Working With Delight-Directed Passions in Your Homeschooled Student

In a recent US News and World Report article, the author talked about how important it is to colleges that applicants show some kind of passion in their activities or interests–this passion is what sets successful students apart. What colleges call passion is often referred to by homeschoolers as delight-directed learning or specialization. Parents may often feel like these activities are frustrating, boring, or annoying (would you PLEASE stop playing that piano!!!), but clearly colleges value such activities. Why?!! Delight-directed learning involves nurturing the love of learning that’s important for children, so that they become lifelong learners who are able to adapt to any situation. The more the world changes, the more we need lifelong learners to make sense of it all.

If you’re a parent who finds the delight-directed learning of your child kind of frustrating, take heart! Although at times it may feel like your student is not doing any ‘real’ school at all, often when you put their transcript together you’ll realize that not only did they cover their core classes, but also three other classes in music alone because of their delight-directed learning. Delight certainly can be annoying–but the good news is that the annoyance you feel can be a way to identify delight-directed learning in your children. If you’re struggling to see where their passion and interest is, ask yourself what your children are doing that annoys you. What is it they do every day when they should be doing school? Usually, it is that very thing that annoys you that is also your child’s delight-directed learning. Capitalize on it!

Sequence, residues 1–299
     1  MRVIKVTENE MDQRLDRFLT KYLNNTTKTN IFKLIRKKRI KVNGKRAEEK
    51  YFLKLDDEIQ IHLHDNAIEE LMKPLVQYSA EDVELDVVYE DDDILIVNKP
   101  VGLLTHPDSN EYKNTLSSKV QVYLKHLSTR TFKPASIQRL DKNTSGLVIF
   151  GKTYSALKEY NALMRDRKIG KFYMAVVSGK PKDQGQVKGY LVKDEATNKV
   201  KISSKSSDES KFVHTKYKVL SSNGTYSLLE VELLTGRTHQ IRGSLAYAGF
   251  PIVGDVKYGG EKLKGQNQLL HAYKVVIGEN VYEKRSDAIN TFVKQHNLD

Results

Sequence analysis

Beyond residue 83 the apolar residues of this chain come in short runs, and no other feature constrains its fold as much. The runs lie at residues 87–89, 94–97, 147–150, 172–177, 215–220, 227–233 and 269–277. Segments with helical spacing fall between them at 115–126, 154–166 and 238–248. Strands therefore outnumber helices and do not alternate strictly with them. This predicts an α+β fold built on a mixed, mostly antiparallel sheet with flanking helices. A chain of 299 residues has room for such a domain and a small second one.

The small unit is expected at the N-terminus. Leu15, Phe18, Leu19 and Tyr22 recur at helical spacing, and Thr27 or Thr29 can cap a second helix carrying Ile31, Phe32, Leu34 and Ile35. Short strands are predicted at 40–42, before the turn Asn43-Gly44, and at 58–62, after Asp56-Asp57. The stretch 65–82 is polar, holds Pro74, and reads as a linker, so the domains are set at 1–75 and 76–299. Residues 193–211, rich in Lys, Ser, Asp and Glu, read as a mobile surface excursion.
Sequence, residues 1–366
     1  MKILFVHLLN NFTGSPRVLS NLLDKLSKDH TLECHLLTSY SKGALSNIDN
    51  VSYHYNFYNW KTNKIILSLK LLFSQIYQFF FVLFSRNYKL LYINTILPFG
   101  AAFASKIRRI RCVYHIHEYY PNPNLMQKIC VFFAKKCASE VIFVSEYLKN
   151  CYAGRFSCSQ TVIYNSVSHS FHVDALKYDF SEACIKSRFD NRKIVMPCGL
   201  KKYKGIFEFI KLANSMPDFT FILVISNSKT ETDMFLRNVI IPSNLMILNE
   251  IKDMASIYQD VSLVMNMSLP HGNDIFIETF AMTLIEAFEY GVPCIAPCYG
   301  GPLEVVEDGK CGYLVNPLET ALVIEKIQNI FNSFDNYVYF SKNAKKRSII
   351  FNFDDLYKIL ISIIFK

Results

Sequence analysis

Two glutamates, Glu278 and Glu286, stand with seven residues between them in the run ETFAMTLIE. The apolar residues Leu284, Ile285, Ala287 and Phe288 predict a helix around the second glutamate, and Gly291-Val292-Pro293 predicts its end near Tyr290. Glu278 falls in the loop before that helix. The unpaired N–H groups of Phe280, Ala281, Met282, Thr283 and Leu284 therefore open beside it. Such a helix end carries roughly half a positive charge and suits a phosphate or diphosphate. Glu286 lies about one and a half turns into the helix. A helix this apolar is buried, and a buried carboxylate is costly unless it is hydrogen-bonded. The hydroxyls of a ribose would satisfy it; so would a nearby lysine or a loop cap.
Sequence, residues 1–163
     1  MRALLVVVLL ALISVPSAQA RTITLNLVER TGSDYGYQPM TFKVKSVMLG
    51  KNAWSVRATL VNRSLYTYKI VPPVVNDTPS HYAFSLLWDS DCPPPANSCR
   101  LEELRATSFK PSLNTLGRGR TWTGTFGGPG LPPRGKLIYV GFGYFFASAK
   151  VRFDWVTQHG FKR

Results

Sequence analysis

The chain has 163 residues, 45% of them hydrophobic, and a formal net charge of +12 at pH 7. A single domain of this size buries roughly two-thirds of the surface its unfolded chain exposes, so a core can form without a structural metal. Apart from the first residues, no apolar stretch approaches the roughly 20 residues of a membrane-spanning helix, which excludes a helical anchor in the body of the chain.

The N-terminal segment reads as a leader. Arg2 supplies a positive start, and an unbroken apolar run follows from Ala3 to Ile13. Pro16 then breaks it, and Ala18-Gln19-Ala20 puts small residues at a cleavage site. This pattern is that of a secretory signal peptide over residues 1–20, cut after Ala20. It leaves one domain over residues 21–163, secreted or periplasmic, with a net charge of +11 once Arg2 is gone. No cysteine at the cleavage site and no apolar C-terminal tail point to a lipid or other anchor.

Delight-directed learning can give you inspiration for your core classes, and can help you fill your student’s high school transcript with some electives. It gives colleges exactly what they want, the passion they want to see from teenagers. Passion means their interest lasts for years–preferably all four years of high school or at least a couple of years.

Delight-directed learning has lots of side benefits: it can improve cooperation with your teenagers, so you’re not always trying to force them to study things they’re not interested in. It can reduce burnout if your student is more involved in what they do–if they’re more tuned in to what it is they’re learning, then they become less burned out and they need fewer breaks. It can also make that learning more meaningful to them, because learning seems to make more sense when you apply it to something that you actually care about. Work with it, and you’ll wind up with an interesting student that colleges will pay to have attended their school!

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